Posts Tagged ‘class action lawsuit’

Every holiday season the battle for hotel offers reaches a climax. This month, however, the situation seems to have reversed due to a class action lawsuit which claims that Expedia, Hotels.com, Travelocity.com, Orbitz, Hilton, Marriott International Inc. and others conspired to fix prices of hotel rooms sold online. The suit was filed by Seattle law firm Hagens Berman and on behalf of Nakita Turik from Chicago and Eric Balk of Cedar Falls, Iowa, who both booked hotel rooms using travel websites.

Travel sites “created the illusion” that consumers could seek out the best deals, Steve Berman, an attorney for the plaintiffs, said in a statement on Monday. He went on:

“The reality is that these illegal price-parity agreements mean consumers see nothing but cosmetic differences and the same prices on every site,”

Many travel websites say they pass low hotel rates on to consumers by buying blocks of unsold rooms. But the lawsuit claims that as part of an agreement to work together, hotels set a minimum room rate that online travel websites could offer to consumers.

Hotels agree to the fixed prices for fear of losing the business brought in by online travel websites, the suit claims.

This new story comes after a very similar incident that involved the UK market. Britain’s Office of Fair Trading alleged that InterContinental Hotels Group, Booking.com and Expedia were in violation of competition law “by signing deals that limited the discounts offered on hotel rooms.”

The OFT, Britain’s Office of Fair Trading, launched an investigation into the deals between InterContinental Hotels Group and the OTAs (Online Travel Agencies) in 2010 following a complaint by the booking website Skoosh.com, which alleged it was pushed out of the market by a “Mafia-style atmosphere”. Skoosh claimed it had been “directly threatened” to stop discounting hotels on its site below the rate set by the Defendants and as a result, Skoosh was given two options: raise prices or take hotels off their list.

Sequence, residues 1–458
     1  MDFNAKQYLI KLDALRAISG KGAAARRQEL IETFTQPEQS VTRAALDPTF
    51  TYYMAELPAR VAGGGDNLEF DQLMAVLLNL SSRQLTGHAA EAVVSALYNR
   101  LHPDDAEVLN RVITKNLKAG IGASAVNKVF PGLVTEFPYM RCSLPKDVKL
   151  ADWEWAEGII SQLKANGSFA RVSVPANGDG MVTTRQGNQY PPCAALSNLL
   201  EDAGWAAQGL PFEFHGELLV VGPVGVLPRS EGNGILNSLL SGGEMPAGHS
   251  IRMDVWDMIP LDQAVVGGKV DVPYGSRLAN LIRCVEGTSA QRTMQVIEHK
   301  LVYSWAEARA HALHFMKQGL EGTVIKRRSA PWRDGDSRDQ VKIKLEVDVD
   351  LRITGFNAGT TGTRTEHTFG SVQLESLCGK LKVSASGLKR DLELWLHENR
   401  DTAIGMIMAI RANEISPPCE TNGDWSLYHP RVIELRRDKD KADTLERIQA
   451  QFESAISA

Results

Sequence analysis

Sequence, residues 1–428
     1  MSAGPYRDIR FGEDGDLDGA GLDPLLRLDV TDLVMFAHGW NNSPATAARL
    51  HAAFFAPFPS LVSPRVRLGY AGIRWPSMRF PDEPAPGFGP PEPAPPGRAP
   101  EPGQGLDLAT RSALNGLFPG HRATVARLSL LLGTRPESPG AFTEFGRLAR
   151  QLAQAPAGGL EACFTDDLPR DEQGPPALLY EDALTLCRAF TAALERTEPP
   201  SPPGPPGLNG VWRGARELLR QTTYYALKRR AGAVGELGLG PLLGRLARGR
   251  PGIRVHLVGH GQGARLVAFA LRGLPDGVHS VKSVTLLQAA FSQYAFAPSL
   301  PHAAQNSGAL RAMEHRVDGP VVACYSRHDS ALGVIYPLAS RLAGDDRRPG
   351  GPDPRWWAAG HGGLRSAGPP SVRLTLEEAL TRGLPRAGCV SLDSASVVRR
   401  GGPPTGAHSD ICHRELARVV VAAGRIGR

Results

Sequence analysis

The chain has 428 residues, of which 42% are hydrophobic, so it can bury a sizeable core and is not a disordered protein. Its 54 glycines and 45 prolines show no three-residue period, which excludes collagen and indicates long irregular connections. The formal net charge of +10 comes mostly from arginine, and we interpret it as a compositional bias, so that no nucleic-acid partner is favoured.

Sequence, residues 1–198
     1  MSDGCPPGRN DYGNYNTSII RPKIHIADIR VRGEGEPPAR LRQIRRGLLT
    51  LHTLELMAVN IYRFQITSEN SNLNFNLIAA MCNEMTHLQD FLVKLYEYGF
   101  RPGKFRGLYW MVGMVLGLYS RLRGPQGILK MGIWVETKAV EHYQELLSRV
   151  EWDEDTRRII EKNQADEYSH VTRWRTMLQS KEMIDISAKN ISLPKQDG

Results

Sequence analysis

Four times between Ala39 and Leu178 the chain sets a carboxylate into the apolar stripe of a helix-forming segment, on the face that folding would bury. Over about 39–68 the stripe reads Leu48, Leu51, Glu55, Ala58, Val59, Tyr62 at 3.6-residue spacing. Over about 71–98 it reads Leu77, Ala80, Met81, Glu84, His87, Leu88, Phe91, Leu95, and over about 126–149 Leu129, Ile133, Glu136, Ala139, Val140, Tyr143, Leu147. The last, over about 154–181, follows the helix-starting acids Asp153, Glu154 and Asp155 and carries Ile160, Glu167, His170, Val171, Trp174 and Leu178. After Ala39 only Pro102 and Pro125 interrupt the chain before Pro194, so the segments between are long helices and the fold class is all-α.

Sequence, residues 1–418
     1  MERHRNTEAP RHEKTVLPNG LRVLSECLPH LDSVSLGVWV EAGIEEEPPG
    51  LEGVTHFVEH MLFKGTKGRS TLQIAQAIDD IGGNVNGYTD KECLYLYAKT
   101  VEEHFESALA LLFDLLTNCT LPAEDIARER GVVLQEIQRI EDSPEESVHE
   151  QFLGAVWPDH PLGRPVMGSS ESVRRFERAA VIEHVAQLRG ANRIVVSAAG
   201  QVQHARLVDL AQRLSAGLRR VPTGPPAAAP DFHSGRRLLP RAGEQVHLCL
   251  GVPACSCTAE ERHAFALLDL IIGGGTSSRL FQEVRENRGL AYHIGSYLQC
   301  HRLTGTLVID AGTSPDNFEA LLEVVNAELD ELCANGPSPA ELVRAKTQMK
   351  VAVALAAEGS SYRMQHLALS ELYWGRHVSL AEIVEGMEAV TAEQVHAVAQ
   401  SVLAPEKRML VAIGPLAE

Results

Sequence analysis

The future deals offered during the holiday season will show us the results of this or any other similar class actions.


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Barclays - Class actionThe recent scandal involving Barclays Bank and the rigging of key inter-bank interest rates has caused outrage here in the UK. So far there have been resignations from Bob Diamond, the bank’s chief executive and their Chairman, Marcus Agius.

What lies ahead

The Libor investigation is likely to continue on two fronts in the coming months. First, the criminal investigation will focus on other banks and individuals that were contributors to Libor to determine their role in submitting false interest rate data for setting the benchmark.

The second front will be private lawsuits against the banks for manipulating Libor and its counterparts, Euribor and Tibor, for European and Japanese interest rate benchmarks. Settlements with the Justice Department require an admission of misconduct, not the more typical resolution in civil enforcement actions that come without any acknowledgment of violations. Those admissions can prove to be quite useful to plaintiffs in pursuing their own cases.

“There are thousands if not tens of thousands of entities that could possibly have a claim” – Michael Hausfeld

More banks to follow

This could just be the beginning, not just for Barclays but other leading UK and US banks. One of the biggest class-action claims has been filed in New York by the Mayor and City Council of Baltimore and the City of New Britain Firefighters and Police Benefit Fund.

Barclays is named as one of around 20 defendants, which also include RBS and HSBC, as well as US lenders Bank of America, Citigroup and JP Morgan. The action is co-ordinated with five other lawsuits, including a claim by discount brokerage Charles Schwab against 11 banks, including Barclays.

Other cities are keenly following the action. In America, 40 states allow muncipalities to enter into swap agreements. The IMF calculated the market was worth up to $500bn in 2010.

The cases are being brought under the Sherman Act, America’s anti-trust legislation, which allows for triple damage.